historical-significance
Art & Culture, History

Historical Significance of Janakpur

Janakpur (Nepali pronunciation: [dʒəŋɑkpʊr] Nepali: जनकपुर) is a sub-metropolitan city in Dhanusa District of Province No. 2 of Nepal. The city is a centre for religious and cultural tourism. It has been declared as the temporary capital for Province no. 2 until Province Assembly votes for a permanent capital.[1]

This city, also known as Janakpurdham, was founded in the early 18th century. According to oral tradition, an earlier city existed in the area, also known as Janakpurdham, which was the capital of the Videha dynasty that ruled Mithila region in the ancient times.[2]

The city is located about 225 km (140 mi) south-east of Kathmandu.[3] As of 2015, the city had a population of 173,924 making it the largest Sub-Metropolitan city of Nepal.[4] Janakpur is currently the third largest city in the Terai (after Biratnagar and Birgunj) and the seventh largest in Nepal.

Nepal Railways used to operate between Janakpur and India.

Accounts of ascetics, pandits and bards indicate that Janakpur was founded in the early 18th century. The earliest description of Janakpur as a pilgrimage site dates to 1805. Earlier archaeological evidence of the presence of an ancient city has not been found. King Janaka’s palace is thought to have been located in ancient Janakpur as it is thought to be the capital of the Kingdom of the Videhas. According to the Hindu Epic Ramayana, he found a baby girl in a furrow, named her Sita and raised her as his daughter. When she was older, he offered her in marriage to anyone who was able to lift the bow of Shiva, left near Janakpur a thousand years earlier. Many royal suitors tried, but only Rama, prince of Ayodhya, could lift the bow. According to an old song, this bow was found northeast of Janakpur.[2]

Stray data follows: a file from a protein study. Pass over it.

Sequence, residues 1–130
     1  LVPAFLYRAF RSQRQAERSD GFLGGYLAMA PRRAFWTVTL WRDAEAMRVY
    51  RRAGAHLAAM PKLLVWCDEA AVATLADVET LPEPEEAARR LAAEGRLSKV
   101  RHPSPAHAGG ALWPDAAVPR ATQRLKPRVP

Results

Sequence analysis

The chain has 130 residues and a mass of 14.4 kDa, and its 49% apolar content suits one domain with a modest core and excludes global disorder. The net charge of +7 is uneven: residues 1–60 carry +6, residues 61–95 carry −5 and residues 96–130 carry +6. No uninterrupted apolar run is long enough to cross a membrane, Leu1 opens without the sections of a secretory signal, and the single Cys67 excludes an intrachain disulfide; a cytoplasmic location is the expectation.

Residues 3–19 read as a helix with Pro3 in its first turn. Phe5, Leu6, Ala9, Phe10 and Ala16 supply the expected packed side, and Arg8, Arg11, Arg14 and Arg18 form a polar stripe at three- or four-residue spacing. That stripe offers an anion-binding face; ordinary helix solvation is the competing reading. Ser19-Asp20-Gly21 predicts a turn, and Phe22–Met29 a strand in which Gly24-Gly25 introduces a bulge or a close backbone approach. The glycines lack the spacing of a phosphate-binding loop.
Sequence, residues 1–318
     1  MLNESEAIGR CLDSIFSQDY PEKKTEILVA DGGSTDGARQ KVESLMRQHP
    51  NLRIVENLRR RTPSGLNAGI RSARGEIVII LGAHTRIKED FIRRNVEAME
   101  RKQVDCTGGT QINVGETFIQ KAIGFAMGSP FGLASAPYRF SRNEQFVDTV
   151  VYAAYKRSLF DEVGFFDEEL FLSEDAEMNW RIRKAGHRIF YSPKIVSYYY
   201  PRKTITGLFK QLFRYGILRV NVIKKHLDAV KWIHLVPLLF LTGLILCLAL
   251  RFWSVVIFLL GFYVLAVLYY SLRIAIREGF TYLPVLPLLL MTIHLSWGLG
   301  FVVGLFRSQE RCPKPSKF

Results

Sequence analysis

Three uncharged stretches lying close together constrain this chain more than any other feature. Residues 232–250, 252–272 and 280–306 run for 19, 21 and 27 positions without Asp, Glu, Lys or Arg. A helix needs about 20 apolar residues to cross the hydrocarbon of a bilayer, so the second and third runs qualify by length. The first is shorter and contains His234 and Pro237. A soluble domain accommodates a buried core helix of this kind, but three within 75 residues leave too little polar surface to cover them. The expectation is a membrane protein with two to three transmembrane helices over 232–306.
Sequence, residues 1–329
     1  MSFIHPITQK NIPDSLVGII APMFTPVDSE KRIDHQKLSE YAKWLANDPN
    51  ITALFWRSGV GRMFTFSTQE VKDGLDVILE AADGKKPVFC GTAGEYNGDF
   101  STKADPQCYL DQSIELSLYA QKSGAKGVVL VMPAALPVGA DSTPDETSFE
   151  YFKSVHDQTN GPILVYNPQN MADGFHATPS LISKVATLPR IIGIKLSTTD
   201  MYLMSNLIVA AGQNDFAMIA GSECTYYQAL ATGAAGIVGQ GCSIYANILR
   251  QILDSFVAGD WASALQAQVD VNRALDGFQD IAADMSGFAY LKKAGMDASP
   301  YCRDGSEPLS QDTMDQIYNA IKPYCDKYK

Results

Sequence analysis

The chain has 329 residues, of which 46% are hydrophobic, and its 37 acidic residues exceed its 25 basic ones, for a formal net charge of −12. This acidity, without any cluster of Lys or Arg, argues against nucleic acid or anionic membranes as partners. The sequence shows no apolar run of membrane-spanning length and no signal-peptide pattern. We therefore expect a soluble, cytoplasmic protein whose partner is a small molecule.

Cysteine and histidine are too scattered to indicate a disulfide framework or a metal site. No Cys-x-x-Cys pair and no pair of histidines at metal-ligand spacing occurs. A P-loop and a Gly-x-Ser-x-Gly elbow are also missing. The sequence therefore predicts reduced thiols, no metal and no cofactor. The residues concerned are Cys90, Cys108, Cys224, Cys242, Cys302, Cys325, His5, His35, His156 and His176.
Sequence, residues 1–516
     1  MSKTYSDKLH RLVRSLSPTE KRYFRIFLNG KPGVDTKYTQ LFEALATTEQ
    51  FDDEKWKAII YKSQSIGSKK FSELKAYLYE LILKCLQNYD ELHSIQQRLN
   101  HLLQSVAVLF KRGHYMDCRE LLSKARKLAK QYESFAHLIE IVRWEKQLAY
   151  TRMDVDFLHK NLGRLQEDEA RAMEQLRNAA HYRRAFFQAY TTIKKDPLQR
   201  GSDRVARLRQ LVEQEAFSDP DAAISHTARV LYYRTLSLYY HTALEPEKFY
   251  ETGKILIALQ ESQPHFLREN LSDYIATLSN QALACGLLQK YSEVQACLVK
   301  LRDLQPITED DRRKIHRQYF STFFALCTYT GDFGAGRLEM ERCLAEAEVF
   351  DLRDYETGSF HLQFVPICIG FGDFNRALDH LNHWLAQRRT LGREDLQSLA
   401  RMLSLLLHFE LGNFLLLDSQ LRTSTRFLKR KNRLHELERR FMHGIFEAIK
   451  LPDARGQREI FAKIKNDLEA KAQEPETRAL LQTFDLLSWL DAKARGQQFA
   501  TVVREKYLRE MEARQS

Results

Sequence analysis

Until the 1950s, Janakpur was a cluster of rural hamlets inhabited by farmers, artisans, priests and clerks who worked for the monasteries that controlled the land. After independence in India, Janakpur expanded to a commercial centre and became the capital of the Dhanusa District in the 1960s.[5]

Ram-Sita Marriage place
As Asmit and Sita are major figures in Hinduism, Janakpur is an important pilgrimage site for Hindus all over the world. According to the first millennium text Shatapatha Brahmana, the Maithil king Videgha Māthava crossed the Sadānirā (Gandaki River), led by his priest Gotama Rahugana, and founded the Kingdom of Videha with Janakpur as capital city. As Gotama Rahugana composed many hymns of the Rigveda, these events must date to the Regvedic period.[6]

Gautama Buddha, the founder of Buddhism, and Vardhamana Mahavira, the 24th and final Tirthankara of the Jain religion, are said to have lived in Janakpur. The region was an important centre for the history of Mithila during the first millennium.[7]